Matteo de Mayda


An extreme weather event hit Italy between 26 and 30 October 2018, devastating parts of Trentino, Veneto and Friuli-Venezia Giulia. During the night of 29 October in particular, in a number of valleys in the Dolomites and the Venetian Prealps, the incessant rain had rivers bursting their banks and the 200 km/h (124 mph) sirocco winds brought around 14 million trees crashing to the ground: an event the likes of which Italy had never seen before. The following day, the people living in those valleys had just a few moments to observe their devastated landscape before rolling up their sleeves to repair the most obvious damage: damaged buildings, roofless houses, streets and squares strewn with earth, logs and mud, destabilised river beds, destroyed water mains, power and telephone lines lying prostrate on the ground. It's estimated that the storm, classified as a hurricane due to its strength, devastated around 42,500 hectares of forest (equivalent to 70,000 football pitches), and caused €3 Bn worth of damage.

Three years on and it's impossible to consider the emergency over, the consequences of Storm Vaia are still perfectly evident. Many trees are still lying on the ground, removing them is a complex operation that requires expertise and resources.

The European spruce bark beetle feeds on their wood, a parasitic beetle that has moved on and is now feeding on the trees that are still standing, causing six times the damage that was generated by the storm itself. Furthermore, fallen trees are no longer able to provide protection against landslides and avalanches, and the now unstable river beds are no longer able to channel and contain water. As if that wasn't enough, the local economy in these mountain communities has suffered incalculable damage: the price of wood has plummeted and many tourism related businesses have been temporarily closed. 

Storms have always been a fact of life in these woodland areas, but there's no doubt that climate change is increasing their strength and frequency. The Mediterranean Sea's two-degree temperature increase certainly contributed to the intensity with which Vaia hit these areas. So, while the lives of those living in the storm affected areas slowly return to normal, each gust of wind brings with it an unsettling question: when will the next storm arrive and what will it leave in its wake?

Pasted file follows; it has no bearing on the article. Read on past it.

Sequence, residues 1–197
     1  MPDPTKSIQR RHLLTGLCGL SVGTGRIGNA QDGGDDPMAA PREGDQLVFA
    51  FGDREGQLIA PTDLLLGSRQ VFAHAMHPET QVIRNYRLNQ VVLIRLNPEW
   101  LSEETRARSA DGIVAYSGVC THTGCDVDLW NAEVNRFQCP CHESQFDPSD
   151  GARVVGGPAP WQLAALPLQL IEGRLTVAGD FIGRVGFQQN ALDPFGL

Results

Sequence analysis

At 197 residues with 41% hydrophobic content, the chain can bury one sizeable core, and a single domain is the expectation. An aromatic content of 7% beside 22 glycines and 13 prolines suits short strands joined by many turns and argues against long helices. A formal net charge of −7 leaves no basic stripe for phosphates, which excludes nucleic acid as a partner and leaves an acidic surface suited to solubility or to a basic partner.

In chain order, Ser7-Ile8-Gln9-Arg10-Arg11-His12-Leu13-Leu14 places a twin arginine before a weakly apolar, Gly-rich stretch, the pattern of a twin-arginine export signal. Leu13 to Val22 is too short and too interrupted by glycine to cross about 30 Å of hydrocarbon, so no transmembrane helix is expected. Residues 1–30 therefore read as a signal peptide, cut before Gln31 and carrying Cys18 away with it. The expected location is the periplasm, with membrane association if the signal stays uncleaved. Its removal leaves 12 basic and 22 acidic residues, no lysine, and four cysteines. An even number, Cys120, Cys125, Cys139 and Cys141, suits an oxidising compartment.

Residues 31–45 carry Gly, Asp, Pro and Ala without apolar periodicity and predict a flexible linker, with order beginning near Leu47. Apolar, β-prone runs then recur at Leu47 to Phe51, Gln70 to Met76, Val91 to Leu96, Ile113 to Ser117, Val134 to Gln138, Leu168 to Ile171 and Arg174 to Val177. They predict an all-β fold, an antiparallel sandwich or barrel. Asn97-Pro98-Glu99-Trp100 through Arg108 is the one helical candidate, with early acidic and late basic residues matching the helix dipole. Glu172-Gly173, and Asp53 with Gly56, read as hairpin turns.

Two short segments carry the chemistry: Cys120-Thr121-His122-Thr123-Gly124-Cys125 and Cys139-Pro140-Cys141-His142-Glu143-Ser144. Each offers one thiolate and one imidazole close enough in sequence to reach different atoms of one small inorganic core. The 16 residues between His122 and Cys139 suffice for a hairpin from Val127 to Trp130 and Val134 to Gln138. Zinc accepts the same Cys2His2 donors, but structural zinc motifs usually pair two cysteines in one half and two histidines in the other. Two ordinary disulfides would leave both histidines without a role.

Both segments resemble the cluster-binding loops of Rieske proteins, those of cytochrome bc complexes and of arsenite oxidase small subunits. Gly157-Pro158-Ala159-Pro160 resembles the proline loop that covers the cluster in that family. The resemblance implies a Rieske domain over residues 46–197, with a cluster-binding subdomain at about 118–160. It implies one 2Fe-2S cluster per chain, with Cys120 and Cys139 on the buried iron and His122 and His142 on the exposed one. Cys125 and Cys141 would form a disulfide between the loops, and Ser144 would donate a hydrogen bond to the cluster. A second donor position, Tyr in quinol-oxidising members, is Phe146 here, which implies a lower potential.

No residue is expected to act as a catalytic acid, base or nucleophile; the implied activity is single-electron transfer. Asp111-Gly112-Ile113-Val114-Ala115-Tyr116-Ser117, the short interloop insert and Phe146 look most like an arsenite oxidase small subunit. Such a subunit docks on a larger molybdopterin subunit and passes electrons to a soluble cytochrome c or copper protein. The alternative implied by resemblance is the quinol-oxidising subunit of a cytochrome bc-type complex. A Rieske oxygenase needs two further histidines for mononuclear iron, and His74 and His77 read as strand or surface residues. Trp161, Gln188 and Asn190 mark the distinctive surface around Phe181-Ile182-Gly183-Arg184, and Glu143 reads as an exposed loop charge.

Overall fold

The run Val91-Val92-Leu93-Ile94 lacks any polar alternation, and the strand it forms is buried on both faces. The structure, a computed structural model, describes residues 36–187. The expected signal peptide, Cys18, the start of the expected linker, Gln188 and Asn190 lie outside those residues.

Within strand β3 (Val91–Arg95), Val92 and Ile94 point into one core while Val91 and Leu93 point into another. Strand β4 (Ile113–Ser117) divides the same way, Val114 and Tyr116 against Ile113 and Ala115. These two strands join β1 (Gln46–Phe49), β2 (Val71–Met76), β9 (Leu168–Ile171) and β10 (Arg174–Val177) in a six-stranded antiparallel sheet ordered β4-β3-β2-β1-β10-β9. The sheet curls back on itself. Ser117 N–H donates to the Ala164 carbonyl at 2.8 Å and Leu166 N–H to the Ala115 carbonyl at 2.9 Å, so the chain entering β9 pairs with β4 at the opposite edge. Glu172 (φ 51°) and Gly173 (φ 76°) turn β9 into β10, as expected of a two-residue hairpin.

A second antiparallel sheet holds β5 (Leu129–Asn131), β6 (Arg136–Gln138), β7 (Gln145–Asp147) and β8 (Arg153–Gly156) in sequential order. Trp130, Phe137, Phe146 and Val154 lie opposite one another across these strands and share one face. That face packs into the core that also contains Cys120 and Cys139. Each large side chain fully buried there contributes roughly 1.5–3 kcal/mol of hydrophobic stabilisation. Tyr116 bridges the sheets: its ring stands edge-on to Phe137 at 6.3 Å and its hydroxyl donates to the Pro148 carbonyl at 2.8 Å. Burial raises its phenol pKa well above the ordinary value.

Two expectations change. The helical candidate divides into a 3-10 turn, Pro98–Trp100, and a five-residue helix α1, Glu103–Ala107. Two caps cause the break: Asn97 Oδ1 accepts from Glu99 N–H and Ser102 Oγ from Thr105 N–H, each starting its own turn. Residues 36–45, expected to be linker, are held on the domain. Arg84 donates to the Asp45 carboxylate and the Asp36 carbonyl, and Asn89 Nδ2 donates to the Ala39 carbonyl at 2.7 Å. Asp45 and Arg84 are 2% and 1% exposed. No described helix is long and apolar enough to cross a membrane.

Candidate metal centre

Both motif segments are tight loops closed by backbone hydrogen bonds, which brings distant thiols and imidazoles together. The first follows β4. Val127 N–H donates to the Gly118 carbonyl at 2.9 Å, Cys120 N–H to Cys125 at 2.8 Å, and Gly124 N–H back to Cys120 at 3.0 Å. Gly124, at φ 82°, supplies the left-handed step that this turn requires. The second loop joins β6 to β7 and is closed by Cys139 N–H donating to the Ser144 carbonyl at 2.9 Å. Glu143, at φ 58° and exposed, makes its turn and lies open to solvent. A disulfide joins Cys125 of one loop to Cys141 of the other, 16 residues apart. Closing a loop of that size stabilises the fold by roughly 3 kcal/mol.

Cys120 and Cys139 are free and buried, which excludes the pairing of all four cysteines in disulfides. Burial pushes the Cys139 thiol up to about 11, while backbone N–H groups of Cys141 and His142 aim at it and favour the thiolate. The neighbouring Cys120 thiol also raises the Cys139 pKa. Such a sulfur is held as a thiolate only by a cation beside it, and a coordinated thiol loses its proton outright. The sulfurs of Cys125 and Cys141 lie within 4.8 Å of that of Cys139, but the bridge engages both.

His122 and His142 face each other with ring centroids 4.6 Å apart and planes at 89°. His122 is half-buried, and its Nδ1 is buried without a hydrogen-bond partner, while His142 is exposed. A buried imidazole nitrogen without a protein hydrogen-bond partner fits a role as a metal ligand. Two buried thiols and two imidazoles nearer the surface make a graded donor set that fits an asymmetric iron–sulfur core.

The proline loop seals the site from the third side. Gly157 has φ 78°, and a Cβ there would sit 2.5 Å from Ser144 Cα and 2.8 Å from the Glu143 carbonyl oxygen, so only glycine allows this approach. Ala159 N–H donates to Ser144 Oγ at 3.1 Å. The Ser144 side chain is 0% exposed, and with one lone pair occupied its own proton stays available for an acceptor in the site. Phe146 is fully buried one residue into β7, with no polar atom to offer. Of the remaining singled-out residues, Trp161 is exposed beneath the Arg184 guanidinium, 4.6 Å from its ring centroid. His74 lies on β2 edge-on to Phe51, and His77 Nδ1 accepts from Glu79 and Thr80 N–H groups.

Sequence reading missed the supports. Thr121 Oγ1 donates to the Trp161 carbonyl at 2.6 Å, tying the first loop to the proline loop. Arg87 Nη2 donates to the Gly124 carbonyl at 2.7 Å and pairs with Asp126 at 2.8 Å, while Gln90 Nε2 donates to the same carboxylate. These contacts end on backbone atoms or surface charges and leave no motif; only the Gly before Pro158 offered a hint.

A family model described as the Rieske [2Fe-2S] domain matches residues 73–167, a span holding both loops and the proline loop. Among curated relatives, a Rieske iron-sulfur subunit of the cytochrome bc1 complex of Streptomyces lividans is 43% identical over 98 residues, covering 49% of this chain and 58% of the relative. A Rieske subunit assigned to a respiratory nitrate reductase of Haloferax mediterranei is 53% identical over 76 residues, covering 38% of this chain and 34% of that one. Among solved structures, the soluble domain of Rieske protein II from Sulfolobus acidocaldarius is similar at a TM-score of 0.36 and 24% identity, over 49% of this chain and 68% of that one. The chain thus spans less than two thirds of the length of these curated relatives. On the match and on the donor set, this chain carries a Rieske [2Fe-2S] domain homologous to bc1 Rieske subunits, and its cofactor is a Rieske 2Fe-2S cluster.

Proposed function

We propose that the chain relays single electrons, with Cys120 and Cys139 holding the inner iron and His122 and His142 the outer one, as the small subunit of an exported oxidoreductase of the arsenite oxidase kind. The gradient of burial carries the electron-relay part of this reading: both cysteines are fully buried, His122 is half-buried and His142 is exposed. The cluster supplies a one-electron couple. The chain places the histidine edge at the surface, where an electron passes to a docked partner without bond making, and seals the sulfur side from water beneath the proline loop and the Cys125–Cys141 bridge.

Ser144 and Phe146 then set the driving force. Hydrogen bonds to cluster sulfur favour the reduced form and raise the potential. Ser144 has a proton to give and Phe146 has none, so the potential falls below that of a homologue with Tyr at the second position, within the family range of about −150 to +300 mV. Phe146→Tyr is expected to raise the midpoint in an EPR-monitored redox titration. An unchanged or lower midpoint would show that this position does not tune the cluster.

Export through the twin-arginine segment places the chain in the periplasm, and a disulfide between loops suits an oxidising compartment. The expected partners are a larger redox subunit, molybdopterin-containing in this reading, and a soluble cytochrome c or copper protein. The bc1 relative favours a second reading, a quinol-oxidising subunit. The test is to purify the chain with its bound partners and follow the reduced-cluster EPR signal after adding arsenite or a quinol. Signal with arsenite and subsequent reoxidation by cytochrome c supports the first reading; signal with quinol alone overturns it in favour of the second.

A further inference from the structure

By bringing together a mix of archival and reportage photos, satellite and microscope images, individual testimonies and scientific theories, this project aims to tell the story of the less visible causes and impacts of Storm Vaia. Set up after the emergency was over and developed over the course of three years, its primary objective is to study what actually happened, by taking the necessary time to consider the causes, responsibilities, consequences, opportunities and future prospects, whilst simultaneously raising awareness with respect to climate change.

Thanks to the grant he received from the 2021 edition of ISPA, the photographer Matteo de Mayda was able to spend 6 months focussing on the reaction of the communities affected by Storm Vaia: a series of solidarity initiatives set up by private individuals and business people who, in addition to supporting the local economy, are trying to mend both the past and the future, building a new community spirit on the remains of the storm.

In conducting his work the photographer also received collaborative assistance from the University of Padua's TESAF (Department of Land, Environment, Agriculture and Forestry) and DAFNAE (Department of Agronomy, Food, Natural Resources, Animals and Environment) and the National Research Council (CNR) in Bologna.


Matteo de Mayda (b. 1984, Italy) is a Venice-based photographer represented by Contrasto. 
His visual research focuses on social and environmental causes. He participated in several 
exhibitions, including the United Nations (Geneva, 2013), the Venice Biennale of 
Architecture (Venice, 2016), Head On Photo Festival (Sidney, 2020), MUFOCO (Milan, 
2021) and Triennale (Milan, 2021). In 2019 he published "Era Mare", a book about the high 
water in Venice, whose proceeds went totally to the shopkeepers who needed help. In 2020 
he was awarded among the winners of the "REFOCUS" call by MIBACT for his work on 
Covid-19. In the same year he was selected by ARTRIBUNE magazine as the best young 
Italian photographer of the year. His images have been featured in The New York Times, 
The Guardian, The Washington Post, British Journal of Photography, Internazionale, Die 
Zeit, National Geographic and Vogue. 

Matteo de Mayda